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How To Comb To ‘Cover Up’, And Other Important Lessons I Learned About ‘Beauty’

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By P.V. Durga:

Growing up as a woman in our society, was probably the most stressful period for me because of all the attention around my physical features. Thankfully at home, my mother never made me feel conscious about my looks; it was these ‘others’ who took an unusual interest in my broad forehead, and even went on to teach me how to comb in order to cover up. And there were people who were bothered about how thin my hair was, as opposed to that of other girls. Like that was not enough, I realized that apart from having eyebrows, their thickness also mattered, courtesy of the ones who asked me if I had ever considered drawing my eyebrows to enhance them.

Image Credit: OceanView Medspa
Image Credit: OceanView Medspa

But there is another side to this. There were friends who wished that they had few of my features as well, because they wanted my sharp nose, brown eyes and cheekbones. Looking beautiful is just not enough, it seems. There will always be people who will dissect every feature in your face and body, and tell you how to look better. Isn’t that the reason plastic surgeons are laughing their way to the bank? The pressure to look good has percolated deep down into the minds of people. Let’s face it. These good looking people are automatically celebrated as the embodiment of all the perfect virtues in our society.

In times when television commercials about beauty products make a pimple seem like it’s the end of the world, and good hair as the basis of self-confidence, Kangana Ranaut turning down a fairness cream’s ad campaign inspired me because she was sending a clear message that beauty does not figure anywhere in finding one’s worth.
While feminists, on one hand, are fighting to help women gain acceptability the way they are, more and more women are falling prey to the idea of perfect features. But what is this perfection and flawlessness that we are running after? Is it all about the physical standards of beauty set by the western world? Also, I often hear celebrities saying in interviews that they are blessed with good hair/ skin. Does that mean that women who have the not-so-good hair are not blessed?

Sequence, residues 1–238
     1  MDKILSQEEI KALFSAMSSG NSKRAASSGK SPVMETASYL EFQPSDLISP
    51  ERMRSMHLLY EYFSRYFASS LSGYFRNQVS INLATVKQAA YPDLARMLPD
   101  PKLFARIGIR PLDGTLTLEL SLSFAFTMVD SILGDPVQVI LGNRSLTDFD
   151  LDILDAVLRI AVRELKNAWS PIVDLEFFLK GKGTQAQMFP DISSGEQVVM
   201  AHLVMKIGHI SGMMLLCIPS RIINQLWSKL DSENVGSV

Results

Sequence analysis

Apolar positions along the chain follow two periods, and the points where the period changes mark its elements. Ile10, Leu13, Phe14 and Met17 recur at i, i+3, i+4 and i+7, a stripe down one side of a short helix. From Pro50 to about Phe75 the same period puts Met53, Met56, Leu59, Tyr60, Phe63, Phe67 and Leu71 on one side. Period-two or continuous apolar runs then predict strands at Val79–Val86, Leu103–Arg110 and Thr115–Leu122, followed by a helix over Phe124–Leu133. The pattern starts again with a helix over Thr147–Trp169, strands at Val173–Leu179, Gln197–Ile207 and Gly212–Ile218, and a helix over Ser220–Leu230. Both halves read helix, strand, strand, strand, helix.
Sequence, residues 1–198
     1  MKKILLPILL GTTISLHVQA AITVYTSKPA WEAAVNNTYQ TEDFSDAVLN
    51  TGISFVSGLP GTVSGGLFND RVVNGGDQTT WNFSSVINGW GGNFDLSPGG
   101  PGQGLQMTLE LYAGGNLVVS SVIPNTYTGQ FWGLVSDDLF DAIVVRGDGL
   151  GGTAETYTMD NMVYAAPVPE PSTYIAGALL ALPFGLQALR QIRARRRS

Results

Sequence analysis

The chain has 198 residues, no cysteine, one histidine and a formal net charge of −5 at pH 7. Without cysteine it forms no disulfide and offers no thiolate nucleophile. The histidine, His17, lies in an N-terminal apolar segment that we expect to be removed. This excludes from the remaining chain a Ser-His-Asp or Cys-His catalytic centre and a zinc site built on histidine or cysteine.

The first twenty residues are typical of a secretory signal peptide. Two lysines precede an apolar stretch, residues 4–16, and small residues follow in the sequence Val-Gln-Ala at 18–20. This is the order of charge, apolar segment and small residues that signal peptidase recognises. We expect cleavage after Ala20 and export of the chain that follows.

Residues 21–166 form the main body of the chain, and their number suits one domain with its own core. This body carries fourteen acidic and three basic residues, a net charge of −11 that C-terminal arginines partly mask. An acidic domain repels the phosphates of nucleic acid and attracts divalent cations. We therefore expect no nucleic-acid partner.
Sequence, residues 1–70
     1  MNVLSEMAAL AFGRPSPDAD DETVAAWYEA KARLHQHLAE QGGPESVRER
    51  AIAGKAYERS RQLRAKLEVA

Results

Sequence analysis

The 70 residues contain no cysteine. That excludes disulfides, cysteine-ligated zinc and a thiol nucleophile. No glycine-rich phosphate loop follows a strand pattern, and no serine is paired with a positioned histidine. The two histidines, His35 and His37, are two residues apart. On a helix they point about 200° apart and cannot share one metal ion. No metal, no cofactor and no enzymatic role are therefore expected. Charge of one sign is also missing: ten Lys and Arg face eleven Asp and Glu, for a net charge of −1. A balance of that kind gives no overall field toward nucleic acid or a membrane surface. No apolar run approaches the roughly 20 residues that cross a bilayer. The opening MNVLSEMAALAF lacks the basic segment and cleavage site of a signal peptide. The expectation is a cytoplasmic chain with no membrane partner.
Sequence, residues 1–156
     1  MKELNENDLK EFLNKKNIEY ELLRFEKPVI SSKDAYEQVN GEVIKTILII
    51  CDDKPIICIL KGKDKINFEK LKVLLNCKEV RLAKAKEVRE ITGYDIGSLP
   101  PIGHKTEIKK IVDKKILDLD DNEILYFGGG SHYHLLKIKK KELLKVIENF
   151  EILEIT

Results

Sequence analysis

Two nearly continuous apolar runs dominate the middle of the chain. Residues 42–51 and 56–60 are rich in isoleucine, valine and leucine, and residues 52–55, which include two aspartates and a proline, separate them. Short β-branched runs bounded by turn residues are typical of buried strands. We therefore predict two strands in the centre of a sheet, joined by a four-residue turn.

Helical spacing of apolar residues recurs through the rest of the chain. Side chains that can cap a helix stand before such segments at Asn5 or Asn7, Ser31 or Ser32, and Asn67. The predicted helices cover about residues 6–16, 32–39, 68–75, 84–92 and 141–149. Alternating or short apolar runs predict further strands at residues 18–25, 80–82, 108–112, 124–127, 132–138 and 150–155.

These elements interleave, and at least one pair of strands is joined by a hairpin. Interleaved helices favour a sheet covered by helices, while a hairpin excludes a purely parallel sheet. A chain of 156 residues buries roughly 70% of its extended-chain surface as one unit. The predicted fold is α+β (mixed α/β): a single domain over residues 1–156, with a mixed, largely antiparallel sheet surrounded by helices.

In all this frenzy, people have completely forgotten about the one thing that decides how an individual looks – genetics. And that was exactly why I stopped paying heed to all the attention about these flaws in me that people were constantly pointing out to. That was how I was born, and that is how I am going to remain. Beauty, for me, is a feeling which everybody is entitled to irrespective of their physical features.

I have always wondered as to why there is a hullabaloo about the looks of only a woman and not those of a man. Brides invariably end up stressing out about their beauty and weight before their wedding because of the pressure to look their best on the biggest day of their lives. Advertisements have repeatedly shown us that a woman is taken seriously at home and in the workplace only when she looks her best. Is society moving in such a direction where beauty is imperative for success in one’s personal and professional life?

Whenever I am a part of a conversation amidst women, I end up hearing gossip and criticism about someone’s beauty, or the lack of it. It is important that women feel equal to one another before fighting for equality with the opposite sex, and looks should stop coming into the picture. If we want to call ourselves feminists, beauty parlors should not be our only source of self-worth, and physical beauty should not be the yardstick for judging another person.

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  1. B